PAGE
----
When Reb Naphtali Troup wrote about this issue [in his book Chidushei HaGarnat] he wrote at the end to look further because he just wrote a little of a lot that could have been written. He was not kidding.

sources: Mishna Torah (of Maimonides), Laws of Theft, chapter one, halacha 14 and 15
Bava Kama page 65a. and the Rosh (Rabbainu. Asher) on that page. Bava Metzia page 96b tosphot first words "Go and pay"--the last Tosphot on the page.
Bava Kama (בבא קמא) page 11 for the issue of shamin.

It might be easier to understand in Hebrew so here is this above idea along with a few other ideas on the same subject:

) בבא מציעא צו. תוספות ד''ה זיל מביא את שיטת הרשב''ם שגנב יכול לשלם מטלטלים. שווה כסף ככסף. יש ספק לרב חיים הלוי אם הרמב''ם והראב''ד אוחזים מן השיטה הזאת. בתור הקדמה: הרמב''ם כתב ( הלכות גנבה א:טו) "מי שגנב כלי ושברו וא פחתו או נשבר או נפחת מאליו אין שמין לו הפחת אלא רואין כמה היה שוה אותו הכלי ומשלם לבעלים שנים בדמיו והכלי השבור יהיה לגנב." וראב''ד כתב אף על פי שאמרו אין שמין לגנב, הני מילי בקרנא אבל בכפילא שמין לגנב דומיא דגזלן והשכל מורה כן." רב חיים מביא את הדין של רב "קרן כעין שגנב וכפל כשעת העמדה בדין" בתור מקור לראב''ד. [המגיד משנה הביא את הירושלמי כמקור לרמב''ם. הירושלמי אומר מניין שאין שמין לגנב? שנאמר "חיים שניים ישלם".] יש צד לומר שהרמב''ם אוחז כשיטת הרשב''ם שהגנב יכול לשלם במטלטלים. שווה כסף ככסף.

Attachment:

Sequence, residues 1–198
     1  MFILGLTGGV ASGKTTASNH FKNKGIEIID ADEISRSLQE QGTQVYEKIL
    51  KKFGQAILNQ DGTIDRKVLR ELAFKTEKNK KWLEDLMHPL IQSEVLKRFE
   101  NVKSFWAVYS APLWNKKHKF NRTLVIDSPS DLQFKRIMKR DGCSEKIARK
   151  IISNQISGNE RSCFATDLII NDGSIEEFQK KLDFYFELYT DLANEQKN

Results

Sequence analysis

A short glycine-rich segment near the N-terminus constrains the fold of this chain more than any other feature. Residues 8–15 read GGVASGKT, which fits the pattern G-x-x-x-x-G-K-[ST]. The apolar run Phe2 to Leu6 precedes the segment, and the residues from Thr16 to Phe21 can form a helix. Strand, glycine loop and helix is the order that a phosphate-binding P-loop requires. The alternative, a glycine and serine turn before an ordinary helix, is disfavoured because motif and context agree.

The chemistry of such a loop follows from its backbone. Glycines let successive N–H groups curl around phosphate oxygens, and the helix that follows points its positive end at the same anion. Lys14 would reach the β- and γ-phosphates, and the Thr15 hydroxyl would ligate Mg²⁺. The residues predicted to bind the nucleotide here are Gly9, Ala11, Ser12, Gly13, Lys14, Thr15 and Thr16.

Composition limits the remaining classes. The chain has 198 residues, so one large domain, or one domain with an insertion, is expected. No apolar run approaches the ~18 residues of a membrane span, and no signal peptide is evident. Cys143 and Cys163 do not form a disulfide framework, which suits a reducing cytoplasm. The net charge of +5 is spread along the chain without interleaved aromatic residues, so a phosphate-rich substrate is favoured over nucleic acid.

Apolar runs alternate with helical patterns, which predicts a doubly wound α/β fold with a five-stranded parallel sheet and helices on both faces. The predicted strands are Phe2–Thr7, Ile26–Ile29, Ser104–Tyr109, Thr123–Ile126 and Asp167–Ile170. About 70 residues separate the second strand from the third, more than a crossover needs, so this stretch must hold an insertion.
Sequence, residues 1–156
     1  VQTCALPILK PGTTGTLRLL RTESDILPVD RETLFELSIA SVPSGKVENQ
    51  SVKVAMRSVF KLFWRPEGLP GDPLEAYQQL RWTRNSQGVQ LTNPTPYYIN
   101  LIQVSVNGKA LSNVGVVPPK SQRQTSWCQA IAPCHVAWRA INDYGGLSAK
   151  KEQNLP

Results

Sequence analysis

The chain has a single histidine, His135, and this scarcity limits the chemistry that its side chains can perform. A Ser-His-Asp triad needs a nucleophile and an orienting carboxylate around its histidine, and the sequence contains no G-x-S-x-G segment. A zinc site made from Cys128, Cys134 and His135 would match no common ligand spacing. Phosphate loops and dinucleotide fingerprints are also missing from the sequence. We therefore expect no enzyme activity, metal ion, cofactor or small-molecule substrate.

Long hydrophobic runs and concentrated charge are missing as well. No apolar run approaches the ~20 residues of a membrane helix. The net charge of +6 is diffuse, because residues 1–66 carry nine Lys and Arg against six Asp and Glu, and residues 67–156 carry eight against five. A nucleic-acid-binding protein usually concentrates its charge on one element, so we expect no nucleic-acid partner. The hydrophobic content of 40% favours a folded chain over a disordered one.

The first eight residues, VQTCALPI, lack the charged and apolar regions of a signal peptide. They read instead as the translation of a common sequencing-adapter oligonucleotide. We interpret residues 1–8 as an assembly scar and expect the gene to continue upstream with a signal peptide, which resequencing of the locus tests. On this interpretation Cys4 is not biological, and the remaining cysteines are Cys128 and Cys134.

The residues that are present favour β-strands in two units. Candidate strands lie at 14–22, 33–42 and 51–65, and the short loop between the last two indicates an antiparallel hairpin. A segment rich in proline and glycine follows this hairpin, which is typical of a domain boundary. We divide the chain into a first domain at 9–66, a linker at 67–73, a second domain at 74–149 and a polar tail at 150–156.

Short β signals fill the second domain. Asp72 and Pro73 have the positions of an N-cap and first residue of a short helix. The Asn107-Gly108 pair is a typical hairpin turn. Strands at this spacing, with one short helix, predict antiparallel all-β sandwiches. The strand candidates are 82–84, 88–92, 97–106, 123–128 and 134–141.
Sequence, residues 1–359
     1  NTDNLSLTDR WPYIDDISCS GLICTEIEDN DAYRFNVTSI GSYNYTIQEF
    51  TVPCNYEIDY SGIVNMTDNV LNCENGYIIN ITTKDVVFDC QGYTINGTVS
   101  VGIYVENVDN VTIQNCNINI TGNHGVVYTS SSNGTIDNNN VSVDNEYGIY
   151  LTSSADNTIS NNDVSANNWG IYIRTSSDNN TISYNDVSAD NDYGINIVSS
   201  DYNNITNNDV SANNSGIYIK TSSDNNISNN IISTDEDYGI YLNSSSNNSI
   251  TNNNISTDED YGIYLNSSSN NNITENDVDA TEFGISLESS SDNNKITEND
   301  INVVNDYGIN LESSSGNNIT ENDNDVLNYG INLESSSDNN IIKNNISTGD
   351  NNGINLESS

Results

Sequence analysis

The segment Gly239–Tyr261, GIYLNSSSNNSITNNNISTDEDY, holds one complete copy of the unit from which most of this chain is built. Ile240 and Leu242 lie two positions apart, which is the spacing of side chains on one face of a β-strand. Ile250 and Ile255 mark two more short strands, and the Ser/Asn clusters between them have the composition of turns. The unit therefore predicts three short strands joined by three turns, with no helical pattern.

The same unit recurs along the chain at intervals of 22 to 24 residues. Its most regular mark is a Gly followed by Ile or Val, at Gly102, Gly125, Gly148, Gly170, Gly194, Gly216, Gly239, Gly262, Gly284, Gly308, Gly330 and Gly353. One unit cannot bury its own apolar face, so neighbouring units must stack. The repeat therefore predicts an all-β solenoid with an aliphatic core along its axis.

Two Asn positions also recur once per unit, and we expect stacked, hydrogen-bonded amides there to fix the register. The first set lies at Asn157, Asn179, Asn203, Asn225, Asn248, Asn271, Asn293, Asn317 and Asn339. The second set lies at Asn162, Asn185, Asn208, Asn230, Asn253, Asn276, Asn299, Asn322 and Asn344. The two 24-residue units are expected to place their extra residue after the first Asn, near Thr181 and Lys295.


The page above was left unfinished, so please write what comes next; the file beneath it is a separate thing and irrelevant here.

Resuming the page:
כדאי להזכיר פה שאם הדין כמו הרשב''ם, משמעות של "אין שמין" היא שאין מעריכים את ערך החפץ בזמן הגנבה, אלא בזמן העמדה בדין. [ו"שמין" משמע שמעריכים ערך החפץ בזמן הגנבה.]

השאלה פה היא המקור שרב חיים מביא לראב''ד, "אמר רב קרן כעין שגנב וכפל כשעת העמדה בדין". (בבא קמא סה.) שאלה הראשונה היא שהגמרא שם מדברת בעניין יוקרא וזולא, ולא במצב שהחפץ נשבר. שאלה השנית היא שאפילו אם הגמרא מדברת במצב כזה, הדין של הראב''ד הוא להפך מן הדין של רב. דהיינו אם בשלב הזה אנחנו הולכים לפי שיטת הרשב''ם, אם כן הדין "אין שמין" אומר שמעריכים ערך החפץ בשעת העמדה בדין בשביל הקרן, ושעת הגנבה בשביל הכפל (לראב''ד). וזה להפך מן הדין של רב.
תירוץ לשאלה הראשונה: הגמרא ב''ק סה. אוחזת שמצב של שבירת החפץ שווה למצב של זולא. האופן לראות את זה הוא לראות שבלי זה, המשפט של רבה שם לא היה מציב קושיה לרב. [בגלל הקושיה הזאת, הגמרא מסכימה שהדין של רב הוא רק המצב שהחפץ היה שווה ארבעה והוזל לאחד.] אפשר לראות את זה על ידי דברי הטור, והבית יוסף והב''ח שאומרים שהדין של רב שייך גם במצב של שבירת החפץ. (אגב הרא''ש הוא בר פלוגתא של ברשב''ם פה, ואפשר שאין להביא ראיה ממנו לדברי הרשב''ם.)

אבל אם זה נכון, יש קושיה על הרשב''ם פה בב''מ צו.
התירוץ לזה הוא גם כן תירוץ לשאלה השנית. רב לא אמר שאין שמין לגנב. אם אוחזים כשיטת הרשב''ם, צריכים לומר שרב אוחז ששמין לגנב כמו רבי אלעזר בב''ק יא. אפשר לומר שאין הדין כמו רב.
והראיה לדעת הראב''ד היא שמאחר שרב אוחז ששמין, מזה לומדין שהדין של "אין שמין" הוא להפך, ולכן מעריכים את ערך החפץ לפי זמן העמדה בדין.

) ב''מ צו: תוספות ד''ה זיל שלים ליה. על הצד שרב חיים הלוי מציע שהרמב''ם והרשב''ם שווים בדין, אפשר לומר שהרמב''ם חשב כך: בההלכה שכתבתי שמשלמים קרן וכפל עם כסף (ושווה כסף מובן כהרשב''ם) לא כתבתי שמשלמים לפי זמן העמדה בדין, בשביל שכתבתי בסעיף הקודם שבמצב שהגנב שבר את החפץ שהוא משלם לפי שעת העמדה בדין-- שזה הדין של "אין שמין" לגבי זמן הערך. שם כתוב, "היה שווה בשעת הגנבה שניים ובשעת העמדה בדין ארבעה אם שחט או מכר או שבר הכלי או אבדו משלם תשלומי כפל או דו''ה כשעת העמדה בדין." היינו שהרמב''ם אוחז שהדין של "אין שמין" הוא הדין של רבה שמעריכים הקרן והכפל לפי שעת העמדה בדין.